Nicola Sturgeon continues to insist, as she told ITV’s Peston last week, that she has put politics, including the independence debate, to one side while leading Scotland’s response to the Covid-19 crisis. However wise this may have been at the height of the pandemic, or still is, it also leads to the obvious question of when Scotland’s First Minister will re-engage with these issues – after all there’s an election in 10 months’ time.

Politics is not standing still for anyone in our still-evolving Covid-era – especially not in the UK with the cold embrace of its Brexit future looming. Last week, the UK Government published a white paper on the UK’s internal market – a remarkably late attempt to face up to the implications of leaving the EU’s single market at the end of this year.

In response, Mike Russell insisted the Scottish Government would fight this "power grab", including by legislating against the plans. The SNP and Scottish Government have been vocal too in demanding, unsuccessfully, that the Brexit transition should be extended. Politics is not, in fact, on hold.

READ MORE: Law professor warns UK Government's internal market plans could threaten devolution 

The UK Government’s internal market white paper provides an excellent overview of regulatory and non-tariff barriers to trade, explaining why these can be very costly for business and may undermine economies of scale and inhibit foreign direct investment. If you’re looking for an explanation of why Brexit and leaving the EU’s single market is a bad idea, the white paper is pretty succinct.

But the white paper is also a major provocation to the devolved governments. It looks, in part, like a determined attempt to undermine many devolved powers – those powers being the white paper’s core focus. It sets out proposals for a sweeping process of mutual recognition, and non-discrimation, on standards for producing and selling goods and services across the UK. 

The UK’s devolved structures, including the wobbling, ever-weakening processes of consultation across the four nations, look far too creaky to cope with this rushed, complex effort at re-inventing a UK internal market. And, of course, there’s a Northern Ireland issue here.

The UK-EU Withdrawal Agreement ensures Northern Ireland is, effectively, in the EU’s single market for goods and in its customs union. That means a customs and regulatory border for goods going from Britain into Northern Ireland. So it isn’t going to be a UK internal market – it is, at most, going to be a Great Britain internal market.

This raises some interesting political questions: who might be the first politician to suggest there should be a "British votes for British laws" process at Westminster to match the one for English laws? After all, surely, following the English Votes for English Laws logic, Northern Ireland’s MPs shouldn’t be voting on regulatory issues that will only apply to Britain not the UK. This would, of course, be politically incendiary.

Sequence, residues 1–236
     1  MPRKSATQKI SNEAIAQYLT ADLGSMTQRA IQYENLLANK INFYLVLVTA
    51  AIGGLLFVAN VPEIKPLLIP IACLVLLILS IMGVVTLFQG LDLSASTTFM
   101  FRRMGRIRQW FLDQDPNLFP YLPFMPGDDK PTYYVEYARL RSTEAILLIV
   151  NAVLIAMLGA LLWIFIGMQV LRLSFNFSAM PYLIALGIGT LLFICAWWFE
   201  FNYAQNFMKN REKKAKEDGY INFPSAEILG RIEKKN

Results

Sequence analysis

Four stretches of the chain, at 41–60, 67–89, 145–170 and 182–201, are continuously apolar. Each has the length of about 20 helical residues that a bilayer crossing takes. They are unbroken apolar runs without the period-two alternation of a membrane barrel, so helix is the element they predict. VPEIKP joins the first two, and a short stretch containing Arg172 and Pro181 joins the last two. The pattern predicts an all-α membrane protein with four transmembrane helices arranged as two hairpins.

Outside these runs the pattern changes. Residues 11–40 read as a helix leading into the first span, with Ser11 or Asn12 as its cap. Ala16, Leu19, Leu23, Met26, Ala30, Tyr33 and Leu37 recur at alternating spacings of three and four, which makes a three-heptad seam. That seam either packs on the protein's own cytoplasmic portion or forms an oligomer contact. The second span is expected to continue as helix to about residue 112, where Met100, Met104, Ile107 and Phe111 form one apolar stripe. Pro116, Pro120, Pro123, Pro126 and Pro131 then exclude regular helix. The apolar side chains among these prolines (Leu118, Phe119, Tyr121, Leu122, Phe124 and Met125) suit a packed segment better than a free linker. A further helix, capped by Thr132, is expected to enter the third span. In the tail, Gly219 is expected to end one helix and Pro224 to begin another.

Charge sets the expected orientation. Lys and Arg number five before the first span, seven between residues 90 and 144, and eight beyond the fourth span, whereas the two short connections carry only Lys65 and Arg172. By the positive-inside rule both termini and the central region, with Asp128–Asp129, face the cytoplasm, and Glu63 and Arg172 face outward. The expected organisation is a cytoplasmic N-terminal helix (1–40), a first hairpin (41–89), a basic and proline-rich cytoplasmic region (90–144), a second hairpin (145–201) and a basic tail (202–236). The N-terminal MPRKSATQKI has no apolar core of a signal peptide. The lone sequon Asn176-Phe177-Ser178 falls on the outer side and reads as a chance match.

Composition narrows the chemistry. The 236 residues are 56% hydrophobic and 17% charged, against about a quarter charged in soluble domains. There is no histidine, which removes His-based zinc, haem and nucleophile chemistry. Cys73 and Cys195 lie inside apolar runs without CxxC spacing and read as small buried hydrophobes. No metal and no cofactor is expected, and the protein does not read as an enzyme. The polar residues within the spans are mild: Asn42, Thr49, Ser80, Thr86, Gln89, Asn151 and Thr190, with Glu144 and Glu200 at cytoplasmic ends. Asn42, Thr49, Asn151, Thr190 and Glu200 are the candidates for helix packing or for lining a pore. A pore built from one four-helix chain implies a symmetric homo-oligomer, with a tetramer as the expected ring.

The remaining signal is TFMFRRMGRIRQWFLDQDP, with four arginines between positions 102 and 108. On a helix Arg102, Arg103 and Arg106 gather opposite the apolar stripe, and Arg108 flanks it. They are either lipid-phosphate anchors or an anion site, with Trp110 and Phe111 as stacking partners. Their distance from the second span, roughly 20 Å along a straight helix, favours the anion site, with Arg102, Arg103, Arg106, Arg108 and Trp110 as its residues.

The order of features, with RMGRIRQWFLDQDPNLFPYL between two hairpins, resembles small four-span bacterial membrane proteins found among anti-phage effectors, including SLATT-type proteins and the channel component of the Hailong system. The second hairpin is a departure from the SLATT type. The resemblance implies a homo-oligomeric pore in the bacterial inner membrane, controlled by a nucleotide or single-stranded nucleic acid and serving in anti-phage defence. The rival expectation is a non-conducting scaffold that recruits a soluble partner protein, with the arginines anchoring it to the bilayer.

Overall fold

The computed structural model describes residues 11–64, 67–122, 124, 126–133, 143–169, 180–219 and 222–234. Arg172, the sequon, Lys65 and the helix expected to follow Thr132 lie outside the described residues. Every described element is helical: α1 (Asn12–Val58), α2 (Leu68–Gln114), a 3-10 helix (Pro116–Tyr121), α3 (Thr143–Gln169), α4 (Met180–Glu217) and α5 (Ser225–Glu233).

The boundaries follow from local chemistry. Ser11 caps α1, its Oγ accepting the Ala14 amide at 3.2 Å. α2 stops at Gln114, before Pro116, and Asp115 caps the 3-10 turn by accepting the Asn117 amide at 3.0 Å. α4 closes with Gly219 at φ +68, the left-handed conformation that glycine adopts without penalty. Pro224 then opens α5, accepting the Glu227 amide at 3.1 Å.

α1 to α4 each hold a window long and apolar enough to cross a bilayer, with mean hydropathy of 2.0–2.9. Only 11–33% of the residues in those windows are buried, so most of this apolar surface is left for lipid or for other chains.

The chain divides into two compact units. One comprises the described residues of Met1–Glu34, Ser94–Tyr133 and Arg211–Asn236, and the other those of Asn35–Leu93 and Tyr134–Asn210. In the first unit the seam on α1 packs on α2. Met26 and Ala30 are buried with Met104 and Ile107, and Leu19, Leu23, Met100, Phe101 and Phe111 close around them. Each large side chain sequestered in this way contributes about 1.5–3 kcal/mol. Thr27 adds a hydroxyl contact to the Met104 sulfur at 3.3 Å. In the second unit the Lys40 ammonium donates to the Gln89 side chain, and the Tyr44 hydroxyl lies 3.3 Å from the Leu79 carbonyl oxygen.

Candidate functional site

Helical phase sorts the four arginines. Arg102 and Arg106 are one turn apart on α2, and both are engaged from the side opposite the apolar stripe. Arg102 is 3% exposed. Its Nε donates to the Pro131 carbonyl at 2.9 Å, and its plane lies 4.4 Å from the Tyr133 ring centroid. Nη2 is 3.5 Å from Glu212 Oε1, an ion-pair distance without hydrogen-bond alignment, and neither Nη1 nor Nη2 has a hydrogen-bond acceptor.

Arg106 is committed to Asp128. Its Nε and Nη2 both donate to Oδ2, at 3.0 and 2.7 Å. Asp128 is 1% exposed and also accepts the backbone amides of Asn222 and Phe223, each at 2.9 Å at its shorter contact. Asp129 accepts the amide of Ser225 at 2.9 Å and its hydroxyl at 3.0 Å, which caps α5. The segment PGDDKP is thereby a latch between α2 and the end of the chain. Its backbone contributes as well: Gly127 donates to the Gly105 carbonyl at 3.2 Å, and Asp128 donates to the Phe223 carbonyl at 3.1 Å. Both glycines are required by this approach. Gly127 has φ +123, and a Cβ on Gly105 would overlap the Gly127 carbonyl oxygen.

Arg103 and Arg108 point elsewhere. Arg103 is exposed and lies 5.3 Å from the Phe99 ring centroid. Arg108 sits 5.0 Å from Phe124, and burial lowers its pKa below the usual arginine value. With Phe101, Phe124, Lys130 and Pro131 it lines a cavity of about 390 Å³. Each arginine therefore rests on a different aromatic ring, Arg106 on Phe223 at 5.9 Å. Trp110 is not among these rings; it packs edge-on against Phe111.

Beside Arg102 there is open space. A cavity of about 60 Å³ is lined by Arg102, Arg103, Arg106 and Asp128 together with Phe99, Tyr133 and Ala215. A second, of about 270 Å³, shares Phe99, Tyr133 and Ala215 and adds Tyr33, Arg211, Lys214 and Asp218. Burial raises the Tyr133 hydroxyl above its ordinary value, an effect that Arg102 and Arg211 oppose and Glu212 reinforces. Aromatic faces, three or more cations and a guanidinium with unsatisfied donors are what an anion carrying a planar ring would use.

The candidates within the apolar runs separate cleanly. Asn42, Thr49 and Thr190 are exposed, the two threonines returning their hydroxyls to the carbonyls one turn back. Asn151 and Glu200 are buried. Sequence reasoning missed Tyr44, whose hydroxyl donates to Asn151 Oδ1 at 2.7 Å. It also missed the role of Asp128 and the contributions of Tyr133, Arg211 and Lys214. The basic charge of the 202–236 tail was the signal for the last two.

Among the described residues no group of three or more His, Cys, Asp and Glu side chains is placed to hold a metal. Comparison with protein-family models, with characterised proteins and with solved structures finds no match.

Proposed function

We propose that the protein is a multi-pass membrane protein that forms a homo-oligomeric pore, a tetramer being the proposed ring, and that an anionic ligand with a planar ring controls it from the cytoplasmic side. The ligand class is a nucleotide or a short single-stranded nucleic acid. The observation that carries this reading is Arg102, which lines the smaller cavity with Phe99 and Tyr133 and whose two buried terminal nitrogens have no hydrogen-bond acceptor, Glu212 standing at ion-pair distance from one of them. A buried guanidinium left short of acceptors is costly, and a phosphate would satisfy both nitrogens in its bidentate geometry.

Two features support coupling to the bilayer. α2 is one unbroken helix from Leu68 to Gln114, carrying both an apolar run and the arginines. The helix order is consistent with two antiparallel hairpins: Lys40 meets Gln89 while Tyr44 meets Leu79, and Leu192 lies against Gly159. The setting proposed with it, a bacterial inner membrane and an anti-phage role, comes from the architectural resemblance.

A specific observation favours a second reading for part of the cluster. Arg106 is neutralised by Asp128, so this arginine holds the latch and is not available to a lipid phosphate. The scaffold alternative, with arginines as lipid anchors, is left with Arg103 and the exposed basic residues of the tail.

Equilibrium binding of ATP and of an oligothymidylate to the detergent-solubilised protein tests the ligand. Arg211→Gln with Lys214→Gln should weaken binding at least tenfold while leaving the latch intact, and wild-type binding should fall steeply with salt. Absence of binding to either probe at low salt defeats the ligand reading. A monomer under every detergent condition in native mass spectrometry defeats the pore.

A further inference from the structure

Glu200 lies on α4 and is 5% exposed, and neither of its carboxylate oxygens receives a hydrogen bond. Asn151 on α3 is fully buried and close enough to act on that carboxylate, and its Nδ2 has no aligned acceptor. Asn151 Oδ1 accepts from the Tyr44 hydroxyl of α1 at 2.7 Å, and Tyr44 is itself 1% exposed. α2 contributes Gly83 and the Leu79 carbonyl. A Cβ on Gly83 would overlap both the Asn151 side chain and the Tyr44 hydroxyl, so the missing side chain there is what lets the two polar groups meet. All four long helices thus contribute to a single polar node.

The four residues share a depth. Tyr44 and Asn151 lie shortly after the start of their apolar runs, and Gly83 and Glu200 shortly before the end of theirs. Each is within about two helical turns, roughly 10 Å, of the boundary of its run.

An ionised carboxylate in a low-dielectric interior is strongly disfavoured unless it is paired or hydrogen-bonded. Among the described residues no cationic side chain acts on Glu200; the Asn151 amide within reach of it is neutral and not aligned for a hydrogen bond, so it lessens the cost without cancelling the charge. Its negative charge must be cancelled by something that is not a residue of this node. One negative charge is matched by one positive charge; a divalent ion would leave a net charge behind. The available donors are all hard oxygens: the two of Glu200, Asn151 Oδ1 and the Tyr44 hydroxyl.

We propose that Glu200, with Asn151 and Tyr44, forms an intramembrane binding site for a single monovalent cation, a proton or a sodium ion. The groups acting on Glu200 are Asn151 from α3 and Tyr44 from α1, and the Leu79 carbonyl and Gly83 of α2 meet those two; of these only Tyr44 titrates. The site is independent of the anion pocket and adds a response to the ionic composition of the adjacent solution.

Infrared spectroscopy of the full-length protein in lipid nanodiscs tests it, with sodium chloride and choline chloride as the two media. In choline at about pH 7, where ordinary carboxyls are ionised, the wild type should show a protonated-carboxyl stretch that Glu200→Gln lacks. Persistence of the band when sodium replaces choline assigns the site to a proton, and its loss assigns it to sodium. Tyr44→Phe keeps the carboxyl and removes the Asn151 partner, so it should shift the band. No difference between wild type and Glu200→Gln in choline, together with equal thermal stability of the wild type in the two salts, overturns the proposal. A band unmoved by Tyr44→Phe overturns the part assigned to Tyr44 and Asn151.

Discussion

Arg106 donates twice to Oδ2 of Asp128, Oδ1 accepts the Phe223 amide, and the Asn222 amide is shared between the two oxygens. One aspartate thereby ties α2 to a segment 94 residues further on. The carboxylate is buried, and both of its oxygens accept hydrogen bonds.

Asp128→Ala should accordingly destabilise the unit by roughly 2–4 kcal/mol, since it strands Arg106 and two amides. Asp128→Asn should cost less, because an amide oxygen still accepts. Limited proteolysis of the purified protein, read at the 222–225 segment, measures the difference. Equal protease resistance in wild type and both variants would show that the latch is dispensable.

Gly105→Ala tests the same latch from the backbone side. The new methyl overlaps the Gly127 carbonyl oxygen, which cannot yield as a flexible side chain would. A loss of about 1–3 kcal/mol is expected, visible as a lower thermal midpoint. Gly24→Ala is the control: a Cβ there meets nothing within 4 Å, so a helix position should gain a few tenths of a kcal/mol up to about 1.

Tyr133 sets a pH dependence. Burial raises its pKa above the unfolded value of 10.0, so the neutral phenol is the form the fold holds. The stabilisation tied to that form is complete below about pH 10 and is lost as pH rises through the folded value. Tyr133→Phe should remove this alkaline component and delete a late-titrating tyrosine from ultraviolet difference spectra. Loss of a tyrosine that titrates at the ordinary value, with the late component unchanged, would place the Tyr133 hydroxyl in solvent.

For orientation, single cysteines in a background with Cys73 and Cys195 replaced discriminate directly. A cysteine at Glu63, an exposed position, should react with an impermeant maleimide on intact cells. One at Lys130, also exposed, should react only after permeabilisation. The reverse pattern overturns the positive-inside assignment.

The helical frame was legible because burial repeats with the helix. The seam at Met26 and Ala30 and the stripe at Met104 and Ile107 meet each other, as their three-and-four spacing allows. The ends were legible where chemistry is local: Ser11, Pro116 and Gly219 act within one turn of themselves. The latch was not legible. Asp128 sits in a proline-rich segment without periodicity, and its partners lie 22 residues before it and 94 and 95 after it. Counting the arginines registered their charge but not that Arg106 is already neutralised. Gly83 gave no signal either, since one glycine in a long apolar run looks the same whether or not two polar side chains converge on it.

READ MORE: Opinion: Ian McConnell: So, precisely what Brexit ‘madness’ are we meant to prepare for,? 

But this is Brexit – unpredictably impacting onto a fracturing UK, however much the Conservative Government hopes its haphazard Brexit planning might re-centralise powers to Westminster.

But all this sets up new challenges, too, for Scotland’s government and those in favour of independence. A big clash over devolved powers in the long lead up to next May’s election may seem promising for the SNP. But Brexit, devolution and independence cannot easily be kept separate as the UK careers towards its EU single market and customs union exit.

If Nicola Sturgeon calculates that a devolved powers fight is acceptable politics amidst the continuing Covid crisis but an independence argument isn’t, this is not going to be tenable much longer.

By mid-autumn, there will either be a new, basic UK-EU trade deal – or the UK will be heading for a very bumpy no deal future. Brexit clarity at last. And, somehow, there should be clarity too on Britain’s internal market – with whatever big stand-off between UK, Scottish and Welsh governments.

Faced with Brexit clarity, and an evolving Covid economic crisis, surely the SNP must then argue the substantive case for independence in the EU as its preferred solution. But this means grasping the nettle of the economic impact of a Scotland-rest of UK border – including how it would affect Scotland’s access to the rest of the UK’s (or England and Wales’) internal market.

European, UK and Scottish politics are not standing still as the Covid crisis unfolds. The Brexit and devolution battles show that. And the Scottish Government is going to have to deal with all of it. It cannot be put on hold.

All columnists are free to express their opinions. They don’t necessarily represent the view of The Herald.